December 10 2013 Latest news:
Monday, September 2, 2013
The stories and camaraderie of the brave men who flew over Europe’s wartime skies were brought to life yesterday as Blickling Hall revealed the role it played during the 1939-1945 conflict.
Visitors to the stately home were transported back to the second world war when the Blickling estate was home to the bomber base RAF Oulton, and the grand country house and its outbuildings were taken over by servicemen and women.
Dressed in their smart uniforms, RAF and WAAF officers strolled the grounds, took tea in the gardens and gave debriefings in one of the country home’s grand rooms, while mingling with visitors.
Vintage vehicles, wartime songs and special tours of the hall also added to the historical flavour of the day.
And history fans poured into the artefact-stuffed RAF Oulton museum, which is housed in one of the buildings where crew were billeted.
The base played two very different roles during the war: first becoming home to 2 Group – the first group of squadrons to attack continental Europe – and later the centre for 100 Group, which flew covert radio and radar counter measure missions.
Ian Flint, visitor experience manager for the Blickling estate – who was among the staff to don RAF uniform for yesterday’s open day – said: “The first part of the war was 2 Group, which was a meat grinder.
“They suffered horrendous casualties. If you were posted to 2 group you made your [funeral] arrangements before you left. You didn’t finish your operations with the same crew you started with.
“These were debonair young men living like there was no tomorrow, swimming in the lake and carving their names in the trees and going to the Bucks Arms.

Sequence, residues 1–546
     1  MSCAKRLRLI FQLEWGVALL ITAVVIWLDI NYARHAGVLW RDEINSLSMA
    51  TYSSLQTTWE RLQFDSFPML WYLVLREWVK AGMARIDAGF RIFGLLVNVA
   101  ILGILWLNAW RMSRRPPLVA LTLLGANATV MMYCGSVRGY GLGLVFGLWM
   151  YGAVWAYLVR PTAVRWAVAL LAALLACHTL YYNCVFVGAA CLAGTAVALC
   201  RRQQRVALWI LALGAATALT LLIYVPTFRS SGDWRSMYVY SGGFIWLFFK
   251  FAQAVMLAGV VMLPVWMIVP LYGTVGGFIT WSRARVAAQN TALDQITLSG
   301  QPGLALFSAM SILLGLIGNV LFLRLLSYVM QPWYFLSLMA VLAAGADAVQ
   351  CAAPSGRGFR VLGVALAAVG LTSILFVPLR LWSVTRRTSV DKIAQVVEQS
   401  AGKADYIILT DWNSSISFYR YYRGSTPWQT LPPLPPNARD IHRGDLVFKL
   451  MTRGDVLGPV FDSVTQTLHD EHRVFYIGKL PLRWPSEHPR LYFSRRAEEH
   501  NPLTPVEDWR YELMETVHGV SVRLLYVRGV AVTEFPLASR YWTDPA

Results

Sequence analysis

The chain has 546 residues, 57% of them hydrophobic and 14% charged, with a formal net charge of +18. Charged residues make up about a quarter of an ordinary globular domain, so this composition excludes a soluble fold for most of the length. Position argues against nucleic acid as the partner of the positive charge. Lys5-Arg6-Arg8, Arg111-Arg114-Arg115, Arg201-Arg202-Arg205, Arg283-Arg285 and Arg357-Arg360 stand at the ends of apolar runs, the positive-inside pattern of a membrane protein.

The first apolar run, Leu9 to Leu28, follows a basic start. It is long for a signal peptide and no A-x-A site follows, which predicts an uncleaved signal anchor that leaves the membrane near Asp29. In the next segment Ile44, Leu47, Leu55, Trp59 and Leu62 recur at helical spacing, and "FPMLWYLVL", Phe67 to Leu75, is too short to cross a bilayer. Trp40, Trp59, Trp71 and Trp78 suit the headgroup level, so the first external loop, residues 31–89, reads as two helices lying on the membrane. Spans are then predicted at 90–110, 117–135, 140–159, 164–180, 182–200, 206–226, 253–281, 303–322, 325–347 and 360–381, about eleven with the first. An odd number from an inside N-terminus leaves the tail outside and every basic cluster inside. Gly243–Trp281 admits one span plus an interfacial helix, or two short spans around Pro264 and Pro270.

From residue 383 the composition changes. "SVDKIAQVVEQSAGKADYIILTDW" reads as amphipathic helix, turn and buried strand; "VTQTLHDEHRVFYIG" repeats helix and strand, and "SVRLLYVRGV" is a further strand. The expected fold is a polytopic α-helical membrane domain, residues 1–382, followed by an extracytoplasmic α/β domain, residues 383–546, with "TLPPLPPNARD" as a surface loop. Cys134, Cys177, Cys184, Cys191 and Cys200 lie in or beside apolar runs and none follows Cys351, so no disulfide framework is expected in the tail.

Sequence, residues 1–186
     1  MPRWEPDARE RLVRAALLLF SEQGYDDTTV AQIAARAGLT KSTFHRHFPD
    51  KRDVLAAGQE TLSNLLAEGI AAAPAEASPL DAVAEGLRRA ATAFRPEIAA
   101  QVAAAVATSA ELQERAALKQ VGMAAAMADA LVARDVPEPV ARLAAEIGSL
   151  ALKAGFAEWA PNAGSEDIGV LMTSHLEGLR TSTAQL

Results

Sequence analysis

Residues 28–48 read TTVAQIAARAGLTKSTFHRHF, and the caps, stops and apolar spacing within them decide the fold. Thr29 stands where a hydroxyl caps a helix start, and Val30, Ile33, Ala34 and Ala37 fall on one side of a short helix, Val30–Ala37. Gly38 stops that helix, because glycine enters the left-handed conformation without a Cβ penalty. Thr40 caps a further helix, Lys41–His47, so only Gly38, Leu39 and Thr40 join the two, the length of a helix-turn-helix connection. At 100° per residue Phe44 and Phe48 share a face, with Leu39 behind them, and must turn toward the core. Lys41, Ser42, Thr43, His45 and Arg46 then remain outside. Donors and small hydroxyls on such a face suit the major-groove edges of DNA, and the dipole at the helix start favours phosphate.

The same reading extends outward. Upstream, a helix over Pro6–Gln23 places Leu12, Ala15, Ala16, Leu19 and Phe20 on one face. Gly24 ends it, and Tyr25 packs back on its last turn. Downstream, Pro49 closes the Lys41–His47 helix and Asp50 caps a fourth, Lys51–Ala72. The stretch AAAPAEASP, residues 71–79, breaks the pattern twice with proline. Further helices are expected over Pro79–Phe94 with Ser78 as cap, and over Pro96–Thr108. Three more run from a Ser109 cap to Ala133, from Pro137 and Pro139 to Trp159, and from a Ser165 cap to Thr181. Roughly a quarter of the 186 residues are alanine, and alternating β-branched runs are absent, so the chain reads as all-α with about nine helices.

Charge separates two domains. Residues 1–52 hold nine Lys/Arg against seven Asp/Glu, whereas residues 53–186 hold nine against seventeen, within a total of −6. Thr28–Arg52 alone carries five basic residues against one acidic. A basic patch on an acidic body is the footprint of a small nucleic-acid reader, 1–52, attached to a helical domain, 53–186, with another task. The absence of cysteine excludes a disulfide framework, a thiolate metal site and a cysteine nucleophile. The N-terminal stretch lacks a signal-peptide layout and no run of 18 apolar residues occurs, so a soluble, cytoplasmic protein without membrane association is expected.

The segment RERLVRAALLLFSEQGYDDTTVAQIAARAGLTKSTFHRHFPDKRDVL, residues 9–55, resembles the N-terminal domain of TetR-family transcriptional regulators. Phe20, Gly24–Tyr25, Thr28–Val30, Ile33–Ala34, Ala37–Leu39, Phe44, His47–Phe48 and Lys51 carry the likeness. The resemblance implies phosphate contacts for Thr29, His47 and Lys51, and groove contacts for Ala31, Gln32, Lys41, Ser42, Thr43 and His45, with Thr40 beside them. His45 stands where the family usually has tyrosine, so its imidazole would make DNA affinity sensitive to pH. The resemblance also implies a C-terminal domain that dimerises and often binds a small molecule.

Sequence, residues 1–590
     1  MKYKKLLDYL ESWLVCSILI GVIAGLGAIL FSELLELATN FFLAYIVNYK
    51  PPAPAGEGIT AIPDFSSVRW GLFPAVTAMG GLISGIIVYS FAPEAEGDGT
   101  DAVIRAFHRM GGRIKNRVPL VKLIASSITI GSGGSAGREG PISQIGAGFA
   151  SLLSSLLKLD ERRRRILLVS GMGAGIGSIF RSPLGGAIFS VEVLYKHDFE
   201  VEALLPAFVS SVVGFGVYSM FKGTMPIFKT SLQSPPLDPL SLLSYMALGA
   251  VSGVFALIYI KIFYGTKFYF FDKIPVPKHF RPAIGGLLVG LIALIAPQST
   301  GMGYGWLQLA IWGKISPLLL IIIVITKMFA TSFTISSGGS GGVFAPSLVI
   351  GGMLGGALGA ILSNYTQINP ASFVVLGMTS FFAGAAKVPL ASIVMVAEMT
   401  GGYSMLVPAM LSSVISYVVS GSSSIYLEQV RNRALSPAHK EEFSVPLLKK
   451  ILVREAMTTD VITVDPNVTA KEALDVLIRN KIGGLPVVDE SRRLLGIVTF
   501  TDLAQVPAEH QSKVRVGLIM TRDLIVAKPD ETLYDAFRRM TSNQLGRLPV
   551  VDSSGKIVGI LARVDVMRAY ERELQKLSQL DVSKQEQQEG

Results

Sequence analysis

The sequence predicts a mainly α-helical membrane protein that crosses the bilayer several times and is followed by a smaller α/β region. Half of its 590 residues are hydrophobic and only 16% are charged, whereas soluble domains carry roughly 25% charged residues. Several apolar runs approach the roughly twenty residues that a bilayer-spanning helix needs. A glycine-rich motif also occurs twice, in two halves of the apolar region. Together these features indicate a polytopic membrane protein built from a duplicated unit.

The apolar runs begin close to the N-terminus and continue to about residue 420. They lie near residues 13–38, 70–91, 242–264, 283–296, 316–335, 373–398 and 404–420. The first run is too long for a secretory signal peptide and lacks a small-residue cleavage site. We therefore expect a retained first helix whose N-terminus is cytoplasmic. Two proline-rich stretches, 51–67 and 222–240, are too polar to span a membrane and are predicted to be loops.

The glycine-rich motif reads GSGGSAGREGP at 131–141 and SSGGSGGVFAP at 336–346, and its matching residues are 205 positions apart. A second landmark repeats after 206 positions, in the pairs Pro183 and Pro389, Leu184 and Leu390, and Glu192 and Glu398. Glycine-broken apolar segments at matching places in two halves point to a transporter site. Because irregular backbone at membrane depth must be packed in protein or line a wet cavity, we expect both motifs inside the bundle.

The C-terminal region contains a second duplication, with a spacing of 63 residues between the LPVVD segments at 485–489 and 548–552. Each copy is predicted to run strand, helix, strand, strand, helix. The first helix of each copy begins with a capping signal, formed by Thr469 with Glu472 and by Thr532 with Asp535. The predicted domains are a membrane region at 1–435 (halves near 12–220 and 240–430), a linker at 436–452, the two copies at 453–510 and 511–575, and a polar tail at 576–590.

“Then there was 100 Group. It was very much a more secretive, serious, dark place because you weren’t allowed to discuss operations with the crew.
“There was still the Bucks Arms and the party side of things but they were no longer able to stand in the Black Boys inn laughing and joking about how they’d given Jerry a damn good thrashing.
“It was very much a more secretive and deadly form of warfare.”
Second world war veteran Sidney Pike, who served with 100 Group at RAF Oulton, was among those at the open day.
Mr Pike, 91, from Norwich, was stationed at the base from August 1944 to April 1945 as a navigator with 214 squadron, and shared his memories of Blickling with visitors as they passed through the museum.
The great-grandfather-of-three has been back to Blickling several times and said it was always nice to return to the estate.
Mr Pike said: “We were billeted in a Nissen hut down by the lake.
“There was a music session in the hall – it was about the only place we were allowed to inhabit because the hall was definitely out of bounds.
“It was only for the most senior officers.
“In the morning you found out if you were on duty that night.
“If you were, you had to prepare yourself for a briefing later.
“They’d brief you on where you were going and what the targets were.
“I think every one of us in air crew experienced a hairy moment, some more hairy than others.
“But I think all of us who did survive was down to sheer luck.”